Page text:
Hunting for Britain’s Haunted Villages

Britain's most haunted villages

We all know Halloween is a silly season in the media where it is common to read about the ‘top 10 Britain’s most haunted cities’, ‘UK’s most haunted hotels’ etc. Once you dig down into the article, it is easy to see that they are usually PR generated articles by imagination-lacking PR companies who are desperate to gain a few column inches of media coverage for their otherwise boring clients.

I decided to wander into the archives and look for similar stories from over a hundred years ago – surely such stories were being printed then? Sadly I was disappointed, aside from annual Christmas collection of ghost stories usually with very serious titles, there were no claims of being ‘Britain’s most haunted’ whatever.

What did strike my attention was two villages that were living in fear of the appearance of ghosts and their reaction to the sightings.

In July 1923, Swyre, a small Dorset fishing village was claimed to be a haunted village with the inhabitants claiming to be terrorised by a ghost whom they described at the time as “a seafaring man in uniform with luminous buttons.”

The villagers believed that rather than being a hoaxer, that the sightings were linked to a death in the village. The Dundee Courier wrote,

They think they know what worries the ghost. Some years ago a labourer, working on the foreshore, unearthed the skeleton of a six-foot man. He did not re-bury the bones, but laid them in a dry ditch, where they were hidden by weeds and long grass. The skeleton is believed to be that of a smuggler killed more than 100 years ago in a fight with Excise officers.

The villagers told the newspaper that they were frantically searching all the dry ditches of the district for the skeleton and they believed that its owner, the ghost, was annoyed at the way in which his bones were treated. If the bones were found they would be give the skeleton a proper burial.

The ghost itself was said to linger in Mile Gate near the end of the beach and look like a smuggler of the “old days” and usually chose a misty, dark night for his wanderings. Scooby Doo anyone?

The Yorkshire Evening Post on 1st February 1895 reported similar circumstances in the Wiltshire village of Ham,

On Thursday last week the occupants of the haunted house – a cottage occupied by a married man – were suddenly alarmed by an unexpected movement of chairs. The wife was naturally greatly agitated, and sought the aid of her neighbours, who, however were unable to restore her composure or allay her apprehension.

The man sought his employer, the village publican, a policeman and a ex-prize fighter called “Jack” to investigate his haunted home.

The police man had his lamp alight, and the party also took with them two cats (?!? MJ) It is alleged that soon after they had established themselves a distant rumbling sound was heard, and one of the number, “Jack” sought to make his exit, but the door was blocked by the entrance of the ghost, who bade “Jack” resume his seat. This was impossible because the chairs, without any visible sign of interference were tumbling over each other in delightful confusion. While this was proceeding the watchers are said to have departed in great fright.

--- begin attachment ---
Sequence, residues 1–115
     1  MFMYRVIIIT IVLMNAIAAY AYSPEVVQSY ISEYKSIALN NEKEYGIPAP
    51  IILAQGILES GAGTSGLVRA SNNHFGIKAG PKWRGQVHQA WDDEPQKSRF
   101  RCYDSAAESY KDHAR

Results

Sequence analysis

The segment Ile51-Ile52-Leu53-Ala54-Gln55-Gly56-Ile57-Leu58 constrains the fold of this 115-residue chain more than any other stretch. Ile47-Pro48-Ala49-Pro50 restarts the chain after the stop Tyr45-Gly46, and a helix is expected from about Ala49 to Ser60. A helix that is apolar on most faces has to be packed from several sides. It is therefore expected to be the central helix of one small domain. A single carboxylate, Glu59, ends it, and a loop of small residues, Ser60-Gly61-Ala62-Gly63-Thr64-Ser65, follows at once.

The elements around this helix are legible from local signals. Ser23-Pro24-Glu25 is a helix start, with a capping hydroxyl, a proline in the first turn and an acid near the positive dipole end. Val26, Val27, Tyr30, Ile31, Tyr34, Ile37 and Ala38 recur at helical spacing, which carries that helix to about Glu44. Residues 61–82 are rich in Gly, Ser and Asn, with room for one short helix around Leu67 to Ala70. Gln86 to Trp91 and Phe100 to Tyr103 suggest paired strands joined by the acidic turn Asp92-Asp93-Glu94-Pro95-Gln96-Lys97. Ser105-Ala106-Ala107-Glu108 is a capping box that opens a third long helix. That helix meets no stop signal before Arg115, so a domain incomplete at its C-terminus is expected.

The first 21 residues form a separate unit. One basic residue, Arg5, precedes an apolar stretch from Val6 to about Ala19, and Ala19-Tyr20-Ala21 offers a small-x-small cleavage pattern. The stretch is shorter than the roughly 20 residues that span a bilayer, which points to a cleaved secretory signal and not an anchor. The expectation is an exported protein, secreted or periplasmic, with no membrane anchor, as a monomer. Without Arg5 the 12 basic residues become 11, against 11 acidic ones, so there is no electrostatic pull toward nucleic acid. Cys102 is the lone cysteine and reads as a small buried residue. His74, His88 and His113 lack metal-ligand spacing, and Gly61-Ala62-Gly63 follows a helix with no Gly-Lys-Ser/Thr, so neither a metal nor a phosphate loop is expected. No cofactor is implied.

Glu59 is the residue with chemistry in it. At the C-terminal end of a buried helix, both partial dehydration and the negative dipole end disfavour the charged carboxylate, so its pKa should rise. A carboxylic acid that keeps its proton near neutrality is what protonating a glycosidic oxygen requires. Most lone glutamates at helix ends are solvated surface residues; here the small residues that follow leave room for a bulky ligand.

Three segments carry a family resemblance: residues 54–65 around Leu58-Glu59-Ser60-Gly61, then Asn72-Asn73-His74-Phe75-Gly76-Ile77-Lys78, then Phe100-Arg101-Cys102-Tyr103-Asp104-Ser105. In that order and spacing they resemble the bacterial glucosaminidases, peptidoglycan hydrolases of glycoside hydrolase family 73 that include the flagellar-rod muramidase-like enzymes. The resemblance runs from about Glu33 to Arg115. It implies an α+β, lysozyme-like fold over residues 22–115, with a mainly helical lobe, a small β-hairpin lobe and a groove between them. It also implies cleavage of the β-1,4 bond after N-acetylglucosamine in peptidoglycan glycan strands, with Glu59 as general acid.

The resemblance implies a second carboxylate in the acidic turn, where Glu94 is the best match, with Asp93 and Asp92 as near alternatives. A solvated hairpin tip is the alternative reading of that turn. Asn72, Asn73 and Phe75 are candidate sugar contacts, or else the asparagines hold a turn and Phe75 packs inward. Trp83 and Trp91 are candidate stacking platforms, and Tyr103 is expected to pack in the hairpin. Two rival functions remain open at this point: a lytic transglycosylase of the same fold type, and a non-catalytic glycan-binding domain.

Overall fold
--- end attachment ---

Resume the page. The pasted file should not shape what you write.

The family soon moved home and visitors began to visit the “haunted house”, one set of visitors claimed to have witnessed the apparition manifesting as, “having a face resembling a cartwheel, and a frightful tail, the extremity being bifurcated, and in appearance like an inverted V, with eight pairs of tins and scales like a fish. They also allege that the chairs turned over, the pictures acted in a similar manner, and so alarmed were the poor cats that one jumped into the fire, and the other was apparently forced across the room.

Other sightings were reported ranging from eight pairs of boot seen flying all directions, including out of the oven!

The story continued in Western Gazette on 8th February 1895, “By Monday the feeling had increased, and the news of these supernatural experiences having got abroad, a number of people visited the village.”

A local ghost hunter, “Posty” Challis told the villagers he would uncover the mystery and at 10 o’clock visited the “haunted house”. The villagers told the Western Gazette, “they heard unearthly noises; sometimes it appeared as the wailing of an infant, sometimes like the cry of a sailor in distress; at other times the cry for help, succour, and relief.”

Many of the visitors left the village after being disappointed in not witnessing an paranormal activity, some stayed and visited the village inn to listen to some of the stories from the villagers themselves. One villager told the Western Gazette that long ago,

a man who was prone to use bad language went to the haunted house, and whilst standing outside the door, the step suddenly opened, and he fell in the cavity above his knees, and the step closing quickly his legs were snapped clean off. For years afterwards the village declared they saw him going home at night with the aid of two bean-sticks. The mystery thickens and refuses to be solved, and as a result the whole village is scared.

Both stories are just thirty years a part but show the different ways in which a haunting was dealt within a small community. Surprisingly it is the newer story that relies on a folklore story to explain the haunting – it must be the skeleton of a smuggler, and no mention of a hoax and the older is just a collection of unsubstantiated reports – no direct interview with the original witness “the married man”. As with many explosions of ghostly activity from the late 1800s/early1900s, the stories disappear without any conclusion, so who knows maybe the smuggler still wanders Chesil Beach?